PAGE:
Effects of thyroidectomy on obstructive sleep apnea

Israeli experts performed a literature review with meta-analysis to test the relationship between surgical thyroid removal and obstructive sleep apnea. The results showed that thyroidectomy, in people with obstructive sleep apnea, is associated with small improvements in evidence collected by polysomnography

It has been hypothesized that various thyroid diseases may contribute to the development or course of obstructive sleep apnea. However, it has not been clarified by what mechanisms and what relationships there may be between obstructive sleep apnea on the one hand and, on the other hand, structure and function of the gland and its alterations. The possible positive effect of surgical removal of the thyroid gland on obstructive sleep apnea symptoms has not been defined. For this reason, Masarwy and colleagues performed a systematic literature review of 4 electronic archives of scientific literature, searching for articles that appeared up to February 2022. Specifically, publications were selected in which the variables analyzed before and after thyroidectomy were the apnea and hypopnea index, the Epworth sleepiness scale and the Berlin questionnaire, and the use of CPAP (Continuous Positive Airway Pressure: continuous positive airway pressure), i.e., one of the main treatments of obstructive sleep apnea, was mentioned. A meta-analysis was also performed on the collected data, and risk ratios were calculated. The results of the smaller studies were subjected to a qualitative meta-analysis. The authors selected 6 population-based studies of 221 patients with obstructive sleep apnea who underwent surgical removal of the thyroid gland and used the results for a meta-analysis. The outcomes of the latter showed that thyroidectomy was associated with a significant reduction in the apnea and hypopnea index measured after surgery: mean difference – 6.39; 95% confidence interval – 12.46 to – 0.32. In contrast to the improvement in this index, there were no positive changes in the Berlin questionnaire scores (hazard ratio 0.19; 95% confidence interval 0.03 to 1.17) and the Epworth sleepiness scale (mean difference – 1.04; 95% confidence interval – 6.37 to 4.29). Finally, there was no significant association with CPAP discontinuation: hazard ratio 0.38; 95% confidence interval 0.12 to 1.18.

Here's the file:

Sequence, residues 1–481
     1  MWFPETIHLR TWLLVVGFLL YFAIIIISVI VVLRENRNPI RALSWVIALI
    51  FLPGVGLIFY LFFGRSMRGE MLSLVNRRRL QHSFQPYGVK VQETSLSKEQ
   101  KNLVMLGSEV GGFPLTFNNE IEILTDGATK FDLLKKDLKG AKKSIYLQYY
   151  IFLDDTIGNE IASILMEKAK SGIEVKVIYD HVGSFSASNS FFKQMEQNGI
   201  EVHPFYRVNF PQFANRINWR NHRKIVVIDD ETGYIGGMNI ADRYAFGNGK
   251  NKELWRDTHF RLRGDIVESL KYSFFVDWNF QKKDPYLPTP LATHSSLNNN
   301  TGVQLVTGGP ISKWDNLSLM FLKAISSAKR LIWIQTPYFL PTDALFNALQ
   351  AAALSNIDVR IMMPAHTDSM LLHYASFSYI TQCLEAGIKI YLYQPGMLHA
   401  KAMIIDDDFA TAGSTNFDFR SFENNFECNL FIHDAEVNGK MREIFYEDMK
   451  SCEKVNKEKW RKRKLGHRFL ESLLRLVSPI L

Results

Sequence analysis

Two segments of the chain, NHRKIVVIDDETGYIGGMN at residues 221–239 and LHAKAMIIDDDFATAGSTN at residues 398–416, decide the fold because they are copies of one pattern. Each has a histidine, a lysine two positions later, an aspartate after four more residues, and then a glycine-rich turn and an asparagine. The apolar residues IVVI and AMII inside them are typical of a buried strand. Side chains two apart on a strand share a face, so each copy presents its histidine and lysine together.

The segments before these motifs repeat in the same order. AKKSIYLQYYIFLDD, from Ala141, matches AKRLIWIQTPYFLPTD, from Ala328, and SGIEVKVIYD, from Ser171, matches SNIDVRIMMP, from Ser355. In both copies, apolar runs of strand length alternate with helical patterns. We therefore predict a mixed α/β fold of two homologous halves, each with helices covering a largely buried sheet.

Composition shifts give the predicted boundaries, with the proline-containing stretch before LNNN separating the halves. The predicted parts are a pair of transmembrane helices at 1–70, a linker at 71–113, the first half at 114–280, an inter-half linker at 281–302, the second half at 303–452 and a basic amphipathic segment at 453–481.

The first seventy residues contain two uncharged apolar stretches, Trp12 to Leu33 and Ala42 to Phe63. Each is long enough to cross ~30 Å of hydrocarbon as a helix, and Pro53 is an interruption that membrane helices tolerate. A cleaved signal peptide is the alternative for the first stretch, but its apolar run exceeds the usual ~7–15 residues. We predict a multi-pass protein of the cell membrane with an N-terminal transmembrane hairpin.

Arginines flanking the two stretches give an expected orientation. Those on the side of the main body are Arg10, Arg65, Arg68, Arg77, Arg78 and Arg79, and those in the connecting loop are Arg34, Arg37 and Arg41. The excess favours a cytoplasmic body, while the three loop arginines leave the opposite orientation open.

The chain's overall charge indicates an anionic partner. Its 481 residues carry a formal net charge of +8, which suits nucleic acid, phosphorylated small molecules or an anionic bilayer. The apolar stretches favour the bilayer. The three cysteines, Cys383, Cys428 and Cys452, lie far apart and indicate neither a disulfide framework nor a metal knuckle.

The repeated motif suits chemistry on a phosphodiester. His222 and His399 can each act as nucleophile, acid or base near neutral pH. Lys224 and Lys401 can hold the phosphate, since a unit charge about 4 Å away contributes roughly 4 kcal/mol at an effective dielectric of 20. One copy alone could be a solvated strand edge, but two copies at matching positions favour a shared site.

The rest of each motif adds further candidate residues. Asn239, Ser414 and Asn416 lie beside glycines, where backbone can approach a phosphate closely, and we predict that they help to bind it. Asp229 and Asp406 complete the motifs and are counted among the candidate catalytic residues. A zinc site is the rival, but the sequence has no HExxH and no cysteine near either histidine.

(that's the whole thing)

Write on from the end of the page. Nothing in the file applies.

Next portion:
In the conclusions, the authors pointed out that the meta-analysis demonstrated a slight clinical improvement in obstructive sleep apnea after thyroidectomy. They also pointed out the need for large case-controlled clinical studies with an adequate experimental design and sufficient observation period to better define the effect of thyroidectomy on the course of obstructive sleep apnea.

Source

 The impact of thyroidectomy on obstructive sleep apnea: a systematic review and meta-analysis. European Archives of Oto-Rhino-Laryngology 2022 Jun 20. 

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